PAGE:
Prof. Blum’s main research interests are in Theoretical Computer Science and Machine Learning, including Machine Learning Theory, Approximation Algorithms, Algorithmic Game Theory, and Database Privacy, as well as connections among them. Some current specific interests include multi-agent learning, multi-task learning, semi-supervised learning, and the design of incentive systems. He is also known for his past work in AI Planning. Prof. Blum has served as Program Chair for the IEEE Symposium on Foundations of Computer Science (FOCS) and the Conference on Learning Theory (COLT). He has served as Chair of the ACM SIGACT Committee for the Advancement of Theoretical Computer Science and on the SIGACT Executive Committee. Prof. Blum is recipient of the AI Journal Classic Paper Award, the ICML/COLT 10-Year Best Paper Award, the Sloan Fellowship, the NSF National Young Investigator Award, and the Herbert Simon Teaching Award, and he is a Fellow of the ACM.
Speaker: Richard Szeliski, Research Scientist and Director of the Computational Photography Group, Facebook Research
Title: Visual Reconstruction and Image-Based Rendering
Host School: Duke
Location: LSRC D106
Host: Xiaobai Sun (xiaobai at cs.duke.edu)
The reconstruction of 3D scenes and their appearance from imagery is one of the longest-standing problems in computer vision. Originally developed to support robotics and artificial intelligence applications, it has found some of its most widespread use in support of interactive 3D scene visualization.
One of the keys to this success has been the melding of 3D geometric and photometric reconstruction with a heavy re-use of the original imagery, which produces more realistic rendering than a pure 3D model-driven approach. In this talk, I give a retrospective of two decades of research in this area, touching on topics such as sparse and dense 3D reconstruction, the fundamental concepts in image-based rendering and computational photography, applications to virtual reality, as well as ongoing research in the areas of layered decompositions and 3D-enabled video stabilization.
Richard Szeliski is a Research Scientist in the Computational Photography group at Facebook, which he founded in 2015. He is also an Affiliate Professor at the University of Washington, and is member of the NAE and a Fellow of the ACM and IEEE. Dr. Szeliski has done pioneering research in the fields of Bayesian methods for computer vision, image-based modeling, image-based rendering, and computational photography, which lie at the intersection of computer vision and computer graphics. His research on Photo Tourism, Photosynth, and Hyperlapse are exciting examples of the promise of large-scale image and video-based rendering.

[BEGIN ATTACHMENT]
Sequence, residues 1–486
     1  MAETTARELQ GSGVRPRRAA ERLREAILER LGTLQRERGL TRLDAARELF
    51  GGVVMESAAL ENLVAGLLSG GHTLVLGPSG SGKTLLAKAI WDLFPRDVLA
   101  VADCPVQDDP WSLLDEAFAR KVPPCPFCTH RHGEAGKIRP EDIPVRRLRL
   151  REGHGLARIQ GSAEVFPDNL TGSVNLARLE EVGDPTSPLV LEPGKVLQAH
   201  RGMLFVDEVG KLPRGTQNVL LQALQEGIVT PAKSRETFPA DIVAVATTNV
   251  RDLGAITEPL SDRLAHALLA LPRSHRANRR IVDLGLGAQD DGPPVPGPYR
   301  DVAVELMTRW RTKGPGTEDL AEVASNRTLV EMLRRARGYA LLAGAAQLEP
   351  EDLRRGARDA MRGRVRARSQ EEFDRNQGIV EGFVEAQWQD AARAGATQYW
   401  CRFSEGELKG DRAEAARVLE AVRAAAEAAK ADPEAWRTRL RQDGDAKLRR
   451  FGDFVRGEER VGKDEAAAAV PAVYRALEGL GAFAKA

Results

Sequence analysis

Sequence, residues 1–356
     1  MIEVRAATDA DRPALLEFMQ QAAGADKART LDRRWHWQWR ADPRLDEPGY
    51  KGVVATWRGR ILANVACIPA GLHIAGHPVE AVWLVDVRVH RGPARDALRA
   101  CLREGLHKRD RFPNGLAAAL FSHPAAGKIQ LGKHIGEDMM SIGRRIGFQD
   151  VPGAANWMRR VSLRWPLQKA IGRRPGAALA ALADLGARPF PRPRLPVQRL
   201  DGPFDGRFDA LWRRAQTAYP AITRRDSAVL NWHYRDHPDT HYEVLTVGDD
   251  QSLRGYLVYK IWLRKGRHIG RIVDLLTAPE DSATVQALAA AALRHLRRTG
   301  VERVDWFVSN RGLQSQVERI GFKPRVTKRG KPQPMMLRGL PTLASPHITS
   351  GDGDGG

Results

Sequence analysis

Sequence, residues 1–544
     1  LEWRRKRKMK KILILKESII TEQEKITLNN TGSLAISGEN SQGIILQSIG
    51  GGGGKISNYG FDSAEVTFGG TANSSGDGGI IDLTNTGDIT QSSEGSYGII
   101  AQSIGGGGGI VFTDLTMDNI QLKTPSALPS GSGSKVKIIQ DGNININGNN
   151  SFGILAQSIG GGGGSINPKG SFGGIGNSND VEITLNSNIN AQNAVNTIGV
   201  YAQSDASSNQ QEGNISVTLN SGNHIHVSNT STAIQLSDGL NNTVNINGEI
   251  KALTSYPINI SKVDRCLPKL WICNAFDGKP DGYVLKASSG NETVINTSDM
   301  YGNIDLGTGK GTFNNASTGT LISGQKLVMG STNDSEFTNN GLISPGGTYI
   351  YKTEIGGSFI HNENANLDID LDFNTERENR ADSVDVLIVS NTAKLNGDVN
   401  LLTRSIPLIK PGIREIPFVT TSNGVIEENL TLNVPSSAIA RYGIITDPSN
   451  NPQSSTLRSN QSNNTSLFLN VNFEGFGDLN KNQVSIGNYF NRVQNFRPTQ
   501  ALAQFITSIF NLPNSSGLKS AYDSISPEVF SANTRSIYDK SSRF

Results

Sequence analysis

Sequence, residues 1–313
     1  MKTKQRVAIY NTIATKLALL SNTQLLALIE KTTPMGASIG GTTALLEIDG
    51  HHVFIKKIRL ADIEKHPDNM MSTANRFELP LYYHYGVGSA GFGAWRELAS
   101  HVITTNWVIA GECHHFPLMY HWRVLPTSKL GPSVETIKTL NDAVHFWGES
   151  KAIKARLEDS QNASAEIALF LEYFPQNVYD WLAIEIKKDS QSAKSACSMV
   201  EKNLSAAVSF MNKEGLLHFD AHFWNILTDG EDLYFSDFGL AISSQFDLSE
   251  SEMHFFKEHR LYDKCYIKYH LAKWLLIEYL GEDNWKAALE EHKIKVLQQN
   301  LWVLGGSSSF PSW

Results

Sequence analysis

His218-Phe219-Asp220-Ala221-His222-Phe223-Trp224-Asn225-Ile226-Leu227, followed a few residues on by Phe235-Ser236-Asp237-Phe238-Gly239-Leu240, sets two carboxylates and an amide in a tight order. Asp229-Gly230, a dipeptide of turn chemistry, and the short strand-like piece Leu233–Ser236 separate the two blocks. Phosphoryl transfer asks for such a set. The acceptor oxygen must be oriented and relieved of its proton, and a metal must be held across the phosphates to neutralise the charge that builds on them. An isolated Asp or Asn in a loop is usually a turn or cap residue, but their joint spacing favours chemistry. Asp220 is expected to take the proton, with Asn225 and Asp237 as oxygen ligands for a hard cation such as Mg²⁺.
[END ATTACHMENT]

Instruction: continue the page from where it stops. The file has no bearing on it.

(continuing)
Dr. Szeliski received his Ph.D. degree in Computer Science from Carnegie Mellon University, Pittsburgh, in 1988 and joined Facebook as founding Director of the Computational Photography group in 2015. Prior to Facebook, he worked at Microsoft Research for twenty years, the Cambridge Research Lab of Digital Equipment Corporation for six years, and several other industrial research labs. He has published over 150 research papers in computer vision, computer graphics, neural nets, and numerical analysis, as well as the books Computer Vision: Algorithms and Applications and Bayesian Modeling of Uncertainty in Low-Level Vision. He was a Program Committee Chair for CVPR’2013 and ICCV’2003, served as an Associate Editor of the IEEE Transactions on Pattern Analysis and Machine Intelligence and on the Editorial Board of the International Journal of Computer Vision, and as Founding Editor of Foundations and Trends in Computer Graphics and Vision.
Speaker: Polina Golland, Director of the Computer Science and Artificial Intelligence Laboratory (CSAIL) and Professor of Electrical Engineering and Computer Science, Massachusetts Institute of Technology